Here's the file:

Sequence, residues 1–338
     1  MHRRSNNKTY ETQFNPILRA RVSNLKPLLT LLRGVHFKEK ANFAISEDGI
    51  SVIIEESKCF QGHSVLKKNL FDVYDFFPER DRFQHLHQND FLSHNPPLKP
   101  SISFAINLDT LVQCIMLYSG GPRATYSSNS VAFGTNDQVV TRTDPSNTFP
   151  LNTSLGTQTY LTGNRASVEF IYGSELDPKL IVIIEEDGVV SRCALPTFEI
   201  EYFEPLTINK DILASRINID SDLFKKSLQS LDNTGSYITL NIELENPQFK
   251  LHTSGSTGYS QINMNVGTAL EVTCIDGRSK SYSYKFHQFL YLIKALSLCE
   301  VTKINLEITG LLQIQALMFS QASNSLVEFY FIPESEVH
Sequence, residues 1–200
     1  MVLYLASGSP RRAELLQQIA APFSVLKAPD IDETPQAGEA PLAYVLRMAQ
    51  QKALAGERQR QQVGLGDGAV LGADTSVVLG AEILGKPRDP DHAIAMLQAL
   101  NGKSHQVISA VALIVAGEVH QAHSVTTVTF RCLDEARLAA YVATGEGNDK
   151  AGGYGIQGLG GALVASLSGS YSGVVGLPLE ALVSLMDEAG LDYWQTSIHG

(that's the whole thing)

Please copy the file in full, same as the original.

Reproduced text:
Sequence, residues 1–338
     1  MHRRSNNKTY ETQFNPILRA RVSNLKPLLT LLRGVHFKEK ANFAISEDGI
    51  SVIIEESKCF QGHSVLKKNL FDVYDFFPER DRFQHLHQND FLSHNPPLKP
   101  SISFAINLDT LVQCIMLYSG GPRATYSSNS VAFGTNDQVV TRTDPSNTFP
   151  LNTSLGTQTY LTGNRASVEF IYGSELDPKL IVIIEEDGVV SRCALPTFEI
   201  EYFEPLTINK DILASRINID SDLFKKSLQS LDNTGSYITL NIELENPQFK
   251  LHTSGSTGYS QINMNVGTAL EVTCIDGRSK SYSYKFHQFL YLIKALSLCE
   301  VTKINLEITG LLQIQALMFS QASNSLVEFY FIPESEVH
Sequence, residues 1–200
     1  MVLYLASGSP RRAELLQQIA APFSVLKAPD IDETPQAGEA PLAYVLRMAQ
    51  QKALAGERQR QQVGLGDGAV LGADTSVVLG AEILGKPRDP DHAIAMLQAL
   101  NGKSHQVISA VALIVAGEVH QAHSVTTVTF RCLDEARLAA YVATGEGNDK
   151  AGGYGIQGLG GALVASLSGS YSGVVGLPLE ALVSLMDEAG LDYWQTSIHG